At Clifton Springs Primary School, a partnership between students and teachers has created an award-winning culture that harnesses the power of student voice to create a positive learning culture.
Clifton Springs Primary School takes student voice and student agency seriously. Over the last five years, the school has worked hard to embed a culture of student voice in the way they work. This has led to some major changes in the school, and a recent win at the VicSRC Awards for 2018 VicSRC of the Year.
Students have led projects like the design of new playground equipment and a bike shed, as well as worked with teachers and the school leadership to develop a system for behaviour improvement, where students are rewarded for displaying school values.
Beyond these student-led projects and products, the focus on strengthening student voice has also produced a positive culture of student engagement and leadership at Clifton Springs, and a strong sense of student ownership and pride in their school.
Student voice starts with student leadership
Assistant Principal Ben McCredden is proud of the school's hard work and the VicSRC Award, and hopes that other schools can see similar success with the help of their students.
An important first step in efforts to strengthen and embed student voice was to increase the value of student leadership positions in the school, explains Ben McCredden.
'We increased the number of leadership positions in the school, and worked with the students to make the roles more meaningful, valuable and attractive to students.
'We asked our student leaders – the school and house captains, and student wellbeing captains - "how do we make the roles more authentic and fun?" The kids brainstormed answers and we worked with them to put those in to action.'
'Now,' says Ben, 'these leadership roles that used to need a tap on the shoulder have two thirds of the eligible students apply.'
With a highly engaged and valued student leadership, the next focus area for strengthening student voice was to incorporate it in to student learning.
Clifton Springs introduced a system of regular student surveys about their teachers, their school and their learning. Students are surveyed three times a year, and spend time unpacking the results with their teachers.
From one set of these survey results, explains Year 4 student Sarah, the student and staff leadership saw that students wanted more of say in their learning.
'So [students] did a teach-the-teacher course, we ran a staff meeting with every teacher, and together we came up with a list of possible strategies that we could use,' said Sarah.
In recognition of their award as 2018 VicSRC of the Year, the students produced a video that shows how the students worked with teachers to create major school improvements, including:
- Classroom feedback walls where students can post suggestions and questions
- A behaviour matrix based on school values, and tick charts where students can earn rewards for their behaviour
- Student structured learning time
- Student influence of style and topics of library books
Practical tips for strengthning student voice and engagement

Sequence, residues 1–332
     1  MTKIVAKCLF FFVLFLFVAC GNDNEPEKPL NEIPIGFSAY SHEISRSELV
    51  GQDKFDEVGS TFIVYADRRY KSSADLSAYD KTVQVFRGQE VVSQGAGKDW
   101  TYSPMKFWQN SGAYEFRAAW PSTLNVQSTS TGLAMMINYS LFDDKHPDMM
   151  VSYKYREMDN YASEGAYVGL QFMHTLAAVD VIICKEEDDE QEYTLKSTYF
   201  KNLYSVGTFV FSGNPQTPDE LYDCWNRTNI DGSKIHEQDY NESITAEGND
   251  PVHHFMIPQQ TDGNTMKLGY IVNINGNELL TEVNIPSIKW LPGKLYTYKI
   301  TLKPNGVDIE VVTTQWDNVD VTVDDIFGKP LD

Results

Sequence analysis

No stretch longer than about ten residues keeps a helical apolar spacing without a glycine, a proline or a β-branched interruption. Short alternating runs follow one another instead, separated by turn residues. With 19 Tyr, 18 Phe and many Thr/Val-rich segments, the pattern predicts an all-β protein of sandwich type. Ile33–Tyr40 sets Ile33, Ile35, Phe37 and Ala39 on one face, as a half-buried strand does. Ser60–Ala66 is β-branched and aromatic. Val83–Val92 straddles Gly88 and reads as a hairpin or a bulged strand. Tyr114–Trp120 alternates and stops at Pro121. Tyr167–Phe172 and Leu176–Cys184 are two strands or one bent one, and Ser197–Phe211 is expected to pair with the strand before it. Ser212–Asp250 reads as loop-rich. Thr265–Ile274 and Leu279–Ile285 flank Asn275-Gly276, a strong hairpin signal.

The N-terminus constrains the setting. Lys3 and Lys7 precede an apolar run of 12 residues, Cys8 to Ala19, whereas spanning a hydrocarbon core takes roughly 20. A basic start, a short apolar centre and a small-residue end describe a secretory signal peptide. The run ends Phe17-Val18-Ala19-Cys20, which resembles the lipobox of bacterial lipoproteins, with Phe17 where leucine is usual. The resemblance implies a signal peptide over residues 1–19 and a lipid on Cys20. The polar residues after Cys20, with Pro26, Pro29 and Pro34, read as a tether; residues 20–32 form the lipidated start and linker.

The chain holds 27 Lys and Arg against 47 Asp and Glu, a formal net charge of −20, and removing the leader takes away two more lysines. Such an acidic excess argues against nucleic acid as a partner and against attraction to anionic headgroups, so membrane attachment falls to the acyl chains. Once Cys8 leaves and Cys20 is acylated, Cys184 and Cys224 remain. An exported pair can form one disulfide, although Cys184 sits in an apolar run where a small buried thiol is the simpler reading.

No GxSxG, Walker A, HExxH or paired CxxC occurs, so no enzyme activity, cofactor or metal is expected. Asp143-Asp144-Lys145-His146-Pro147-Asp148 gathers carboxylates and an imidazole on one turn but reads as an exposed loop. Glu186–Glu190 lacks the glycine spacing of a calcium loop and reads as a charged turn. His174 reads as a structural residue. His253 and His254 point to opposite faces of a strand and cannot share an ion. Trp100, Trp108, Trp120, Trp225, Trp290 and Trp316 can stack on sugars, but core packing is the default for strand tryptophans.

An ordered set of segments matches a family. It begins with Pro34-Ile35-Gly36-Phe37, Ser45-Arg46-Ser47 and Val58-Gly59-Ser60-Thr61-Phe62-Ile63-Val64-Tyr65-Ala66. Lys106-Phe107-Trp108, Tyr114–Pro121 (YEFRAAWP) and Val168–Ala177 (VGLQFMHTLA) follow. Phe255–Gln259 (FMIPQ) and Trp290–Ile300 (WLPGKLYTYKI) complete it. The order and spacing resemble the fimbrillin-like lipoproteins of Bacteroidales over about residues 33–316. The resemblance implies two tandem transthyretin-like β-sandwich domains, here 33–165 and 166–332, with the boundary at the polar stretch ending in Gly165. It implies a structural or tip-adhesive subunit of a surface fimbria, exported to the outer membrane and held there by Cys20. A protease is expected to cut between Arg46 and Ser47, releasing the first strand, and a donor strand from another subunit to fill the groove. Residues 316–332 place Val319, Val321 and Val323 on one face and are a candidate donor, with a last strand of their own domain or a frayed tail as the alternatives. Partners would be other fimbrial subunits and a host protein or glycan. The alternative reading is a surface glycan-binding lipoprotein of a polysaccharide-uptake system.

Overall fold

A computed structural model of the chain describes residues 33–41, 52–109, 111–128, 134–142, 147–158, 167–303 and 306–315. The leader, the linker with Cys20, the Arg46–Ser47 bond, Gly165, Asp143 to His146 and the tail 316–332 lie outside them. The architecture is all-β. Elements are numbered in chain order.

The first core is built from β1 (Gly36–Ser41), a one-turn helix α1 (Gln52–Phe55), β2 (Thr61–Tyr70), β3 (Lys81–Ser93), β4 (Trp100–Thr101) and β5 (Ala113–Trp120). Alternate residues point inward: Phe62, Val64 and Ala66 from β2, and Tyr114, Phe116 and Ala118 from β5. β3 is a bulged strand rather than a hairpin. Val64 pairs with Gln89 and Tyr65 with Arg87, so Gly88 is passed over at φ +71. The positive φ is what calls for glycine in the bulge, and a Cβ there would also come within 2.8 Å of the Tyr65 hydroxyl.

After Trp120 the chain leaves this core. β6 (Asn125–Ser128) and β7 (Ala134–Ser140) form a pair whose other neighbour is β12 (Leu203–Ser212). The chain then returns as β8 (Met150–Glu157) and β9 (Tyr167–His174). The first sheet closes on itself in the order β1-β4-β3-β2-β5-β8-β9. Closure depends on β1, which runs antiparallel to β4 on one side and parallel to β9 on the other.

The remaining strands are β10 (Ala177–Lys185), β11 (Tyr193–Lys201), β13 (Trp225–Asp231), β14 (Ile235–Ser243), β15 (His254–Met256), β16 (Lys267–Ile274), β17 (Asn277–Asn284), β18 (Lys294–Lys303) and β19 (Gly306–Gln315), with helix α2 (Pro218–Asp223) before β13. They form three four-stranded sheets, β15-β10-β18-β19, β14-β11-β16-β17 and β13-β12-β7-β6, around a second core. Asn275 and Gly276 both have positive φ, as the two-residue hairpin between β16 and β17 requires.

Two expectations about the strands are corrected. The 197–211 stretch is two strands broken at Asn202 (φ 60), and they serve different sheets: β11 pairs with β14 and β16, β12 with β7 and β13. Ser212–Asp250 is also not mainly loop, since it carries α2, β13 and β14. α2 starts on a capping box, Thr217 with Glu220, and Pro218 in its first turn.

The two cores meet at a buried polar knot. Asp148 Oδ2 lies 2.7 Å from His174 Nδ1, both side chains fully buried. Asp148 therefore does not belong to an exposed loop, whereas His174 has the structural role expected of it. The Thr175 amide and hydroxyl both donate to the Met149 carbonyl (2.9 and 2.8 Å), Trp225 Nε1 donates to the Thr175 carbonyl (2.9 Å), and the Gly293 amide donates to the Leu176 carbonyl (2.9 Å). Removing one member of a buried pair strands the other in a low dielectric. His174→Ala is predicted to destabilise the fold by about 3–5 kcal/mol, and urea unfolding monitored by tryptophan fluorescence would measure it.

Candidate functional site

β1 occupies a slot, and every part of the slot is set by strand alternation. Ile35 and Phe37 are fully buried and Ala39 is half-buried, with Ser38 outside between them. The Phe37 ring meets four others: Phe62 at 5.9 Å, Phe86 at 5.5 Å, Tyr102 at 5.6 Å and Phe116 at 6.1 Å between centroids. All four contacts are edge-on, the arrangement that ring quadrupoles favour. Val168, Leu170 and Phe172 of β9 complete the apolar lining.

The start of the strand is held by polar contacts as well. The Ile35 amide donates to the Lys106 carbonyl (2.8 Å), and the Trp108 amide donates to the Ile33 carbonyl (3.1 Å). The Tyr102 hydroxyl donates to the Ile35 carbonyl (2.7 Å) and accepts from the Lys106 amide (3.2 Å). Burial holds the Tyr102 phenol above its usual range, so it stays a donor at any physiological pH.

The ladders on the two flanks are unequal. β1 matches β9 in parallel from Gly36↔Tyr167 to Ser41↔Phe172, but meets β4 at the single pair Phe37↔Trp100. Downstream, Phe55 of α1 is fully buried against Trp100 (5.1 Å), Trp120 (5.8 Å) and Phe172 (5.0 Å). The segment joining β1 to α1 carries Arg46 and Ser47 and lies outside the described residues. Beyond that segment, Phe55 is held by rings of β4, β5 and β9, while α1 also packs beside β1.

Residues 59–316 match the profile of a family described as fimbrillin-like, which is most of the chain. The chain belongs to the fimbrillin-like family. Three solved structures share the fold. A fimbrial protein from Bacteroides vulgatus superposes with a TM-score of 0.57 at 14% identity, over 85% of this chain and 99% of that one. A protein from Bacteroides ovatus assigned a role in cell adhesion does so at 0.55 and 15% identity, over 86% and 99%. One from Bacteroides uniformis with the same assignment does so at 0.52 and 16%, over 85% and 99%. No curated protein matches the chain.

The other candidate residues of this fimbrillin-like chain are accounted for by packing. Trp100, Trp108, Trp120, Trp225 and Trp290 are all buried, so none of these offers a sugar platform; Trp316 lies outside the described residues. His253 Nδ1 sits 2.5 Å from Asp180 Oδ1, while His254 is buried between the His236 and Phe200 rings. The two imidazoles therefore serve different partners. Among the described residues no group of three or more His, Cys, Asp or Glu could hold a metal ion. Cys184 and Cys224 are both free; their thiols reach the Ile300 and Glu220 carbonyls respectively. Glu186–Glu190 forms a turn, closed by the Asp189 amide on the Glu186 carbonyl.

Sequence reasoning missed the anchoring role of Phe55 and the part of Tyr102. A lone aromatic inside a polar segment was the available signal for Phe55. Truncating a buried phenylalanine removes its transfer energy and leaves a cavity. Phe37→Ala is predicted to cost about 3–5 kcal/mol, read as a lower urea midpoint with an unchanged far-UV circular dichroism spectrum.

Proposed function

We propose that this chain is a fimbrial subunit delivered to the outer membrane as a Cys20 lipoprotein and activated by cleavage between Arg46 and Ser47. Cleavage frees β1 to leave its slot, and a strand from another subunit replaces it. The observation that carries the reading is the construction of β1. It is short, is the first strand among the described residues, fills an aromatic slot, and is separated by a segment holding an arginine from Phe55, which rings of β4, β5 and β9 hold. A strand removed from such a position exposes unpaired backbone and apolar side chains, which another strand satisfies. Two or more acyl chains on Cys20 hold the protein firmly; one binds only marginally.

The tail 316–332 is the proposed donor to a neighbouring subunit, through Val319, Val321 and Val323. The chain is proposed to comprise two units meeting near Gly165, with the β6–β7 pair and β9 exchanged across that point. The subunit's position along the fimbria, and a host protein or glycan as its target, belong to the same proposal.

Students at Clifton Springs Primary School feel like they have real influence in their education. This has contributed to a positive learning culture and learning outcomes for the students, as reflected student feedback surveys, attitude to school surveys, and the general desire of so many of the kids to participate in leadership roles in the school.
Developing this culture of student engagement starts with an expectation among the staff and students that student voice will be part of the way the school works.
It's important that teachers are all really invested. Teachers at Clifton Springs value student feedback, and use it to set goals for themselves, improve teaching practice, and the kids' learning environment.
'When new teachers are coming in to the school,' says Ben, 'student voice and student agency are incorporated in to the interview process and it is a part of the induction of staff.'
Offering advice to other schools, Ben suggests that schools look at what practical changes could be made to increase students' desire to be involved.
'Switching SRC meeting to learning time, and involving the assistant principal in these meetings was a big success for us. It really showed the kids that this is a key part of student's learning, and a big part of the school culture.'
'We also really celebrate leadership positions, and achievements like the VicSRC award, which helps make them something kids want to be involved in' says Ben. 'Once kids are inspired to be leaders, they want to get involved. Demand is so high now, that next year SRC will have subcommittees with different areas of focus.'
'Finally, if you are having kids make decisions or raise money for a certain thing, make sure it happens – students want to see their voice heard and results in action. Making sure tangible things happen around the school so that they can see they have made a difference.'
Support student voice in your classroom
Student voice has become an integral part of the Victorian education system. Helping students to take ownership of their education enhances their engagement and enriches their participation in the school community.
The Department has a student voice practice guide to help teachers and school leaders to make the most of the insights that students can bring to the education conversation. See:
Amplify: The student voice practice guide
You can find more information on the VicSRC Student Voice Awards here: VicSRC Student Voice Awards